Annual house price growth running at fastest pace since 2007
Average house price growth rose at the fastest annual pace for 14 years in March, according to official figures.
The Office for National Statistics (ONS) charted a rise of 10.2% over the 12-month period – stoked by high demand for properties with plenty of space and aided by government action in support of the market as COVID-19 restrictions ebbed and flowed.
The figures – published hours after the body revealed a leap in inflation – put the average cost of a UK property at £256,000 in March – a rise of £24,000 over the year.
The most recent house price surveys suggest there has been no let-up in demand during April and even May, with asking prices being driven higher by a lack of sellers.
March was the month when chancellor Rishi Sunak announced an extension of the stamp duty holiday covering England and Northern Ireland – with Wales and Scotland also enjoying similar support.
A mortgage guarantee scheme for first-time buyers has also contributed to the price rises, which began after the lifting of the first national lockdown last year.
While many have rushed to buy property with outside space, the surveys have also revealed an exodus from city centre locations which are largely dominated by flats.
The ONS said on Wednesday that prices of detached houses rose by 11.7% in the year to March, compared with an increase of 5% for flats and maisonettes.
London saw the weakest gain in house prices among all of the UK regions, with a 3.7% increase.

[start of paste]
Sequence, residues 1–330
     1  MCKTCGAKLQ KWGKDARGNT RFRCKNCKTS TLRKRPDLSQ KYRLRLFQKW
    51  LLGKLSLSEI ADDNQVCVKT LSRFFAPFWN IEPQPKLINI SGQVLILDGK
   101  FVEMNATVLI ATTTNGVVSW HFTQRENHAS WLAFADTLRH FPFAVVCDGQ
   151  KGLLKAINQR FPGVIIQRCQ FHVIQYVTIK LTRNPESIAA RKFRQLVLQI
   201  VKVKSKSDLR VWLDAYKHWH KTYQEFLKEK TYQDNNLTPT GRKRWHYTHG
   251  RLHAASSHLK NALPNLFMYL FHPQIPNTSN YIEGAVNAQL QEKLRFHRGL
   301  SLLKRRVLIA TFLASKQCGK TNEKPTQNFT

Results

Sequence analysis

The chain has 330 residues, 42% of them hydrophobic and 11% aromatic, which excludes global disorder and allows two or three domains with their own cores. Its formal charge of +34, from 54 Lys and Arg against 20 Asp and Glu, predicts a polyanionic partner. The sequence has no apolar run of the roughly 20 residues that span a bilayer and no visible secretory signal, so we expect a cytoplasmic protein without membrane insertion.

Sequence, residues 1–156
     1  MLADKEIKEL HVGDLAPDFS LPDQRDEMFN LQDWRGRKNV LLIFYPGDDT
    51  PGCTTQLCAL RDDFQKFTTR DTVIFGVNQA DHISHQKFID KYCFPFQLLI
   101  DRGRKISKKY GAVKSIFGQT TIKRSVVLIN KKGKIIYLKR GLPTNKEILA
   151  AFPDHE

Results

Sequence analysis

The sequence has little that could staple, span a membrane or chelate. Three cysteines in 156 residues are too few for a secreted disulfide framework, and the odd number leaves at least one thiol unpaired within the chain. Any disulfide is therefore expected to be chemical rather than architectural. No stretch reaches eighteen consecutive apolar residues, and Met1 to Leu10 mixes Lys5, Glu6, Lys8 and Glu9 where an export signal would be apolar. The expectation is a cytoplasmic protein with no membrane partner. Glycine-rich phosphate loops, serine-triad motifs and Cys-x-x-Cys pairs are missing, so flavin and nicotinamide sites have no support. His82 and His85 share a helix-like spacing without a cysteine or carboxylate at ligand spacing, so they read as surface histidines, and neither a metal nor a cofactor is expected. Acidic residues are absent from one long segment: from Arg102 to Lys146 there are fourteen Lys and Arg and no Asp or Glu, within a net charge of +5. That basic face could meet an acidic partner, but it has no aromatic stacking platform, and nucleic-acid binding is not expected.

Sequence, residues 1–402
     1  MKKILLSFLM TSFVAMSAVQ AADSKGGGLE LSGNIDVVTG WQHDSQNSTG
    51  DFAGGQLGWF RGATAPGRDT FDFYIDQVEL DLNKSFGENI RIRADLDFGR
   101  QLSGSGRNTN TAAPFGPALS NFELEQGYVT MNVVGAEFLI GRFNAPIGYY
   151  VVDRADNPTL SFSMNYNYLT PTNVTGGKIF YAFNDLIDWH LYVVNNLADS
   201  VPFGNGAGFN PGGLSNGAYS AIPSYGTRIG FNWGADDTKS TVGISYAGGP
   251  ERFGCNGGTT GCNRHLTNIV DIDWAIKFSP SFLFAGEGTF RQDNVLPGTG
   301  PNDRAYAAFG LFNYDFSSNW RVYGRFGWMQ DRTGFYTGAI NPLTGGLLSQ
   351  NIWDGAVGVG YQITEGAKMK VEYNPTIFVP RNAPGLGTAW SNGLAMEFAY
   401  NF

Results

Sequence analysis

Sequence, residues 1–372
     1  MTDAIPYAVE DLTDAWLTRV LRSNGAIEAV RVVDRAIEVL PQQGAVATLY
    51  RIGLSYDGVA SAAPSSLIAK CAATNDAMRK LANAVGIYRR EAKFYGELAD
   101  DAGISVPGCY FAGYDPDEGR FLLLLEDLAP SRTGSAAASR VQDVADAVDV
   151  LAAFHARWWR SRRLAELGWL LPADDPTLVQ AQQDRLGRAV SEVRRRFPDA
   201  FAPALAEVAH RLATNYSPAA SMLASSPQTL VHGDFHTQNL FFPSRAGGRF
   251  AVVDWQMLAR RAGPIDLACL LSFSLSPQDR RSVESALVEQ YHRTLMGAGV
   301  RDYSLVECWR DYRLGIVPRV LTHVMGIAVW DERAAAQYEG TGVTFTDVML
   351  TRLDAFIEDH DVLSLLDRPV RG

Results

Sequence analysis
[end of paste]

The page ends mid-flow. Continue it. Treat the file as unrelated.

Prices in Yorkshire and the Humber region jumped by 14%.
Of the UK nations, Northern Ireland saw the weakest annual growth at 6% while Wales led with 11%.
The rises have prompted warnings over affordability.
Miles Robinson, head of mortgages at online mortgage broker Trussle, said: “It’s important for buyers in the homebuying process to be aware that the increased demand has caused inflated prices.
“First-time buyers are now paying up to £73,000 more than last year to get on to the property ladder.
“This has also caused delays in completion times and it now takes up to 171 days to purchase a property in the UK.”
The stamp duty holiday will run in its current form until June when the threshold will be lowered to £250,000 until September.
It returns to the usual £125,000 from then.
In Wales, the break from the equivalent tax is due to end in June while it ceased in Scotland in March.
Sarah Coles, personal finance analyst at Hargreaves Lansdown, said of the ONS data: “We’re back to the kind of double-figure house price rises we saw in the heady days before the financial crisis.
“And while lenders are far more cautious than they were back in 2007, in this kind of market, there’s still the risk buyers will lose their heads, and make a property mistake that could haunt them for years.”
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